Wednesday, July 8, 2009

Ready to invest in people?

Microfinance is the supply of small loans and basic financial services, enabling poor people to invest in tiny businesses, to accumulate assets and raise household income and welfare.

KIVA is the world's first person-to-person micro-lending website, empowering individuals to lend directly to unique entrepreneurs around the globe. Kiva's platform allows internet lenders to connect directly with entrepreneurs served by microfinance institutions ("Kiva Field Partners") worldwide.

The people you see on Kiva's site are real individuals in need of funding. When you browse entrepreneurs' profiles on the site, choose someone to lend to, and then make a loan, you are helping a real person make strides towards economic independence and improve life for themselves, their family, and their community. Throughout the course of the loan (usually 6-12 months), you can receive email journal updates and track repayments. Then, when you get your loan money back, you can relend to someone else in need.

The Kiva Fellows Program offers individuals a rare opportunity to travel abroad and witness firsthand the impact and realities of microfinance, by working directly with a host microfinance institution (MFI). The Kiva Fellow is an unpaid, volunteer based position designed to increase Kiva's impact and to offer participants a unique insider experience.

We enrolled our very young grandchildren and divert to Kiva part of the money that might otherwise be spent on toys and junk. Grandma and Grandpa make the choices now but the children will assist and eventually assume control of the lending. This is not big business or an investment scheme. We hope the young ones will grow up with appreciation for what they enjoy in Canada and feel empathy for those less fortunate. The oldest little one is only three but he takes an interest in looking at the people he is "helping." He certainly doesn't understand much about the whole process but he can relate to the idea that poor people need assistance so they can grow food for their own families.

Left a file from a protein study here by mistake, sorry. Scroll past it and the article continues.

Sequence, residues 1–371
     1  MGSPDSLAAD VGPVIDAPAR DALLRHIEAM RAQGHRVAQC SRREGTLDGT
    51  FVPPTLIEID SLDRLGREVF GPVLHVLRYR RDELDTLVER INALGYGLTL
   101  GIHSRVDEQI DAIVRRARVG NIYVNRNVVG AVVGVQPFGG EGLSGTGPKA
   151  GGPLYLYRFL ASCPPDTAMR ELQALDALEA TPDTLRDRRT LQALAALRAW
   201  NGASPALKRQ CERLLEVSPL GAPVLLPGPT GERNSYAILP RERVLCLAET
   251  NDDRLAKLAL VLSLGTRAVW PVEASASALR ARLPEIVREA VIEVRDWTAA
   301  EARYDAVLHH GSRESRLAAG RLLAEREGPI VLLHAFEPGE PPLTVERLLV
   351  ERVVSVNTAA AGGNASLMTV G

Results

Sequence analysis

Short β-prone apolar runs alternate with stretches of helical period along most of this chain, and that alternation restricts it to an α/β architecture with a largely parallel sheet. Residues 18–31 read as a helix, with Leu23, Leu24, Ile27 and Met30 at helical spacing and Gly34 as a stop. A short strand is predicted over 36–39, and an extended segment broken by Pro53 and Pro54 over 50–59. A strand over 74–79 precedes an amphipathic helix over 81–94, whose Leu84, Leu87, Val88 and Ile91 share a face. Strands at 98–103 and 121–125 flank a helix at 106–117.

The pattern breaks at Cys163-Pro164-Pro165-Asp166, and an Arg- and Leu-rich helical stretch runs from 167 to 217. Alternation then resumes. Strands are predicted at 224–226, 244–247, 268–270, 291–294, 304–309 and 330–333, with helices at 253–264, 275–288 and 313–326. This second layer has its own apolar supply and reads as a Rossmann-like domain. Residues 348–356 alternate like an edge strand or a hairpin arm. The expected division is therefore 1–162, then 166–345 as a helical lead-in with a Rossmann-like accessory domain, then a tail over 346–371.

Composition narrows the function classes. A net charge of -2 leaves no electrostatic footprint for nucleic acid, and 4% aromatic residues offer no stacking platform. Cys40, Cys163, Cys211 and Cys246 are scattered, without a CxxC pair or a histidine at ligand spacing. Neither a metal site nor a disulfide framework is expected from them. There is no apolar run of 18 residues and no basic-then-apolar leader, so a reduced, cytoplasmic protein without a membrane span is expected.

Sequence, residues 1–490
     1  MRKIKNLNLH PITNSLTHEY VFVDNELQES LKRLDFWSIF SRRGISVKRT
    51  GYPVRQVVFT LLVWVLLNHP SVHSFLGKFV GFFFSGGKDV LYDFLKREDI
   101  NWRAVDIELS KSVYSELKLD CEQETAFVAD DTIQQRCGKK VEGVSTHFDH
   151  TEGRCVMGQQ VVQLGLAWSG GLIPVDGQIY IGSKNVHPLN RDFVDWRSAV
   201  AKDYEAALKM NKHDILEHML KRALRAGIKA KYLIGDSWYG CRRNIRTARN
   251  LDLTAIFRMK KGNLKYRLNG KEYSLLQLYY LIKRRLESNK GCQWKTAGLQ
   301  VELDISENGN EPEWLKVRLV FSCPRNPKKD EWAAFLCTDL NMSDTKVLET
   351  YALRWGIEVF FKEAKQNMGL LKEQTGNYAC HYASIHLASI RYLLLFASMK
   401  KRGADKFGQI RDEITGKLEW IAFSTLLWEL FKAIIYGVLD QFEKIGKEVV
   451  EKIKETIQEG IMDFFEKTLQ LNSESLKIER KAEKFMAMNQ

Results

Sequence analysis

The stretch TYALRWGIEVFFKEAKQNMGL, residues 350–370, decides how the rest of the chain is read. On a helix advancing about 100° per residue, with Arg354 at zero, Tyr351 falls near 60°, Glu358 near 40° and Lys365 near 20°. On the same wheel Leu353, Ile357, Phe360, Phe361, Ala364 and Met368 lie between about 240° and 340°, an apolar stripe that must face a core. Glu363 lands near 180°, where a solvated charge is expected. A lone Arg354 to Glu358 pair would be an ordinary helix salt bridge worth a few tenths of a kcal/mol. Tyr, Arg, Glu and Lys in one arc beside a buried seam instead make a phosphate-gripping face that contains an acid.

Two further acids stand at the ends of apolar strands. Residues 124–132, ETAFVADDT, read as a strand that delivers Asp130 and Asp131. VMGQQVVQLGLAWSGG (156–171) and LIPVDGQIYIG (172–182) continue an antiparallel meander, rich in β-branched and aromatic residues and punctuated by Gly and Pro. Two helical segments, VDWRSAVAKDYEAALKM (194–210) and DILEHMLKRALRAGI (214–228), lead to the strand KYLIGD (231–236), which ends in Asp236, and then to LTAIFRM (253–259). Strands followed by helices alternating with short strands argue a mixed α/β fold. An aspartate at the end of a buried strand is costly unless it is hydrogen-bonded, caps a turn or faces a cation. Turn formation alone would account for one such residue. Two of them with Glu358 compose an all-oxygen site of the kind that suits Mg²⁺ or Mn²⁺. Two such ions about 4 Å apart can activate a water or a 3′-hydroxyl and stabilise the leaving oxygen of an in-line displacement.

As time goes on and we add to each child's Kiva fund, the kids will decide which "entrepreneur" they want to assist. Loans are small, usually $500 to $1,000 and single Kiva contributors donate $25. For example, last year a young farmer in Peru needed $250 to buy fertilizer for his small plot. Ten Kiva supporters from Canada and the USA paid $25 each and were repaid over the following 6 months. A woman in Jinja, Uganda, borrowed $900 to buy materials for her sewing and mending business. The loan was funded by $25 each from people in Canada, USA, Australia, Taiwan, Germany and Sweden. That money was lent in February and by July, 81% has been repaid.

Microfinance has been growing hugely around the world. Kiva is even starting a pilot project in poor regions of the USA. The system is not without critics as well so people should stay alert if they become involved. Our family heartily recommends the Kiva experience.

Update, July 11, 2009:
Kiva funds raised - $80,934,410 Entrepreneurs funded - 196,796 Repayment rate - 98%

Update, August 7, 2009
Kiva funds raised - $85,384,785 Entrepreneurs funded - 208,767 Repayment rate - 98%

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